Growing babies are fascinating to witness, and it seems like babies almost grow overnight. However, it may begin to feel like your growing baby is taking a toll on your low back, shoulders, and pelvic region. We likely pick up our babies around 15 times a day and carry them a significant portion of the day. Prior to having a baby, if someone told you to carry a 25-pound weight around with you for about 50% of your day you would think that sounds crazy. During motherhood that 10-25-pound like weight comes in the form of a little bundle of joy that just keeps growing at ultra-speed.
Below are some simple concepts to think about when holding, maneuvering, and handling your baby to reduce strain on your low back, shoulders, and pelvis. Forming these small habits now can help prevent many aches and pains later.
Chest hold: Baby in front using both arms or a baby carrier
The fix: Pelvis should not be thrusted forward with weight all on your heels. Stack your ribcage over your pelvis, keep butt relaxed, and shift your weight to your mid-foot.
Side hold: Baby propped up on side of hip
The fix: Keep your hips even and shoulders away from ears. If you must use your hip due to lack of strength make sure you switch hips often.
Picking up baby from floor: Without bending over many times from the waist
The fix: Perform the half kneel to stand maneuver. Bonus, it is also a great gluteal strengthening exercise.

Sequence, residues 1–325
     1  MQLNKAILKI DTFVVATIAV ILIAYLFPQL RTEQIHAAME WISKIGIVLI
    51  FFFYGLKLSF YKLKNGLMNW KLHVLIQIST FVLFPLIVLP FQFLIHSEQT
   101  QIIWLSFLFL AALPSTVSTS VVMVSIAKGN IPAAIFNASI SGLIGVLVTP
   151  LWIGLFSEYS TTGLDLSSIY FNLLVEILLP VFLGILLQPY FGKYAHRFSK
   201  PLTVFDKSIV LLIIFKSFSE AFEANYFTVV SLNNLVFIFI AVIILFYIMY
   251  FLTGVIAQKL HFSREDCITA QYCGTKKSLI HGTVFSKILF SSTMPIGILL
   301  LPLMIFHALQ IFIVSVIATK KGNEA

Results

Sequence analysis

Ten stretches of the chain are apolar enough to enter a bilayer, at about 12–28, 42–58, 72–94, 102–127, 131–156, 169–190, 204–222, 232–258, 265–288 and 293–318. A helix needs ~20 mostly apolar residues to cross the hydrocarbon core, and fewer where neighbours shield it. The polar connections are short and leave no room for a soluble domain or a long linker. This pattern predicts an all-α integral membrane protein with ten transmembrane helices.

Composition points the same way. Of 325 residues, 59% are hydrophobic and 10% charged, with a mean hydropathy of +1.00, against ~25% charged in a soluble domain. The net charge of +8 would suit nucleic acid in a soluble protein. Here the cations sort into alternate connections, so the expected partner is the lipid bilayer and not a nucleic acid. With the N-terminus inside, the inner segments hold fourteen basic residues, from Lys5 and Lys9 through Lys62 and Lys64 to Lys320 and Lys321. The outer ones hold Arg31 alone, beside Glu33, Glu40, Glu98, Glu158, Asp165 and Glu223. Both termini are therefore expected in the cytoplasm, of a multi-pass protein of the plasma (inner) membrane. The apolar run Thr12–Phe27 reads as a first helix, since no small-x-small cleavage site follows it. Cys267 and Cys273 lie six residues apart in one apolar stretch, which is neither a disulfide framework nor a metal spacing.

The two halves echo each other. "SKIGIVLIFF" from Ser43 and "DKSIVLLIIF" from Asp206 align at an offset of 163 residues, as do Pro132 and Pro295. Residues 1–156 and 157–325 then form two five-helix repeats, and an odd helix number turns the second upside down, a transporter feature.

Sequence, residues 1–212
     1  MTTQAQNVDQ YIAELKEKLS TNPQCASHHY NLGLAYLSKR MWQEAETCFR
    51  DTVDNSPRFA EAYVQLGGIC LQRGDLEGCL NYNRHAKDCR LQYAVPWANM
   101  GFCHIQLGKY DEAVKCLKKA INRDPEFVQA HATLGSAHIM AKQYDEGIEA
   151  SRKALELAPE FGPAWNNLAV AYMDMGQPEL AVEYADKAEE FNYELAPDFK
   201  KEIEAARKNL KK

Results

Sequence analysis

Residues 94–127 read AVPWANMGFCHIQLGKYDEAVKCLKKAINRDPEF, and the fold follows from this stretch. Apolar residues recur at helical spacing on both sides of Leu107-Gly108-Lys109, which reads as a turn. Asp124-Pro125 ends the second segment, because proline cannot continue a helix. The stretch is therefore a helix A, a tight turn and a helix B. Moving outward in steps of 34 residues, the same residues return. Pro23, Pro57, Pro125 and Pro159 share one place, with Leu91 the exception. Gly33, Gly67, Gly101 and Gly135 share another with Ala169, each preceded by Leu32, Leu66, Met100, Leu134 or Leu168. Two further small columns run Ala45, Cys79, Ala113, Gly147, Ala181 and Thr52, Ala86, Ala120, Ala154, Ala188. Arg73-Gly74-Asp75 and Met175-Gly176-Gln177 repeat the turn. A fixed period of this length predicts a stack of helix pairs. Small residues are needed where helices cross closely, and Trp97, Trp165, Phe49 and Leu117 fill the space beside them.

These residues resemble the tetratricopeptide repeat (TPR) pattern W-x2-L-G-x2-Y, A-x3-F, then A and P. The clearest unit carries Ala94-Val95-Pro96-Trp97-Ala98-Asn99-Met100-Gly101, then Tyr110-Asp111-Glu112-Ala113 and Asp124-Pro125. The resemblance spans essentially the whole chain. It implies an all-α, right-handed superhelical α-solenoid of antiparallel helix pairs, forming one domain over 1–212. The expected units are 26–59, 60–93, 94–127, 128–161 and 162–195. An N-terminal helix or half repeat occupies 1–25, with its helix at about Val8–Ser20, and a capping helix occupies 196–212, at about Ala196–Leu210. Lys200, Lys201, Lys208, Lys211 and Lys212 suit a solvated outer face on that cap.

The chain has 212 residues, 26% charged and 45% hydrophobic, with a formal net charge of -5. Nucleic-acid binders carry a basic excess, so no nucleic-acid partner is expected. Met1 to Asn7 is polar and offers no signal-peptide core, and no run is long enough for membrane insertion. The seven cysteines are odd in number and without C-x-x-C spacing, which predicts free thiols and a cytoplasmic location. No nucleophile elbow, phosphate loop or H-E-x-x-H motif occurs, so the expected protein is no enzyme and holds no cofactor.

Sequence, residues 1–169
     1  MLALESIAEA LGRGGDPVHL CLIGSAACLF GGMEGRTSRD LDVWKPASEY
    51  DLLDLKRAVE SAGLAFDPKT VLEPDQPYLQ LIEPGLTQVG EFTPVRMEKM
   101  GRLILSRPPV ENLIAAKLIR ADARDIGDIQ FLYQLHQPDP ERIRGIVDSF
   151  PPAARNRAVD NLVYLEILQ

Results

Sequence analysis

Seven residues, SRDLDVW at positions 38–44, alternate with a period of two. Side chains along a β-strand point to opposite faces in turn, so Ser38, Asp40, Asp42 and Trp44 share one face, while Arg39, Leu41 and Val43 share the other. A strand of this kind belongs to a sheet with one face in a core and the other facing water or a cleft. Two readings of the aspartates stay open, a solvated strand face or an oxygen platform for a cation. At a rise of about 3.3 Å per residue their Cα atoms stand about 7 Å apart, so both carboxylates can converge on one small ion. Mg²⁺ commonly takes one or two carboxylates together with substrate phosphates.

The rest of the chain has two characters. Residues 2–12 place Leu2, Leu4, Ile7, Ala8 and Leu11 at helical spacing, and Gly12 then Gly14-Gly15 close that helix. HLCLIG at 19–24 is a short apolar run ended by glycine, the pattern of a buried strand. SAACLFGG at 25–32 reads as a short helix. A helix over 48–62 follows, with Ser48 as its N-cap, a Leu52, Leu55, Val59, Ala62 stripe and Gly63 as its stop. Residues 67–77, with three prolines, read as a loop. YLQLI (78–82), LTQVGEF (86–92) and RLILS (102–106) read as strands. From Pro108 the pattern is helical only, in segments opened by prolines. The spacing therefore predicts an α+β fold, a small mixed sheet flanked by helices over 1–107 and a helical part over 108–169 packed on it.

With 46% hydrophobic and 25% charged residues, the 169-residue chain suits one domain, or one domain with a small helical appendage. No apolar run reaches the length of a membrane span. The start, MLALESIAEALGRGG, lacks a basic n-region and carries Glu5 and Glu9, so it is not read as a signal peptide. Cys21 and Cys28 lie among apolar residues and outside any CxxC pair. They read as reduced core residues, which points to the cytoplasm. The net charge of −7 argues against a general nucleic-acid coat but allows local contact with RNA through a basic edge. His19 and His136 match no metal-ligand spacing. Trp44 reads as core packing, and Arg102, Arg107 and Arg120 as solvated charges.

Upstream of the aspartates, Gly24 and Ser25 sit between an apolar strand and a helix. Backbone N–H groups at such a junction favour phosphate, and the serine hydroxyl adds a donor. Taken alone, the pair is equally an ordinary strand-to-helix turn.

The car seat enter and exit: One of the worst offenders
The fix: This maneuver is difficult and the one that got my back the most irritated postpartum, especially when recommendations are for the car seat to be in the middle for safety. You can even tell by Skye’s face below, it is not my favorite. I find actually letting myself sit in the car next to her and placing her on my lap, and then turning my whole body to get out the most helpful.
The best way to prevent many body aches and pains postpartum is to work on retraining your body for function with exercise. Variability of movement is very important for moms to have since babies and toddlers do not sit still for us to have perfect posture with everything we do. Performing some strength training exercises for just 20 minutes a couple of times a week can make a big difference in making you less likely to injure yourself with sudden loaded movements while handling your baby. Remember to make some time to work on redeveloping your strength! Self-care is never selfish.
With an Open Learning Mind,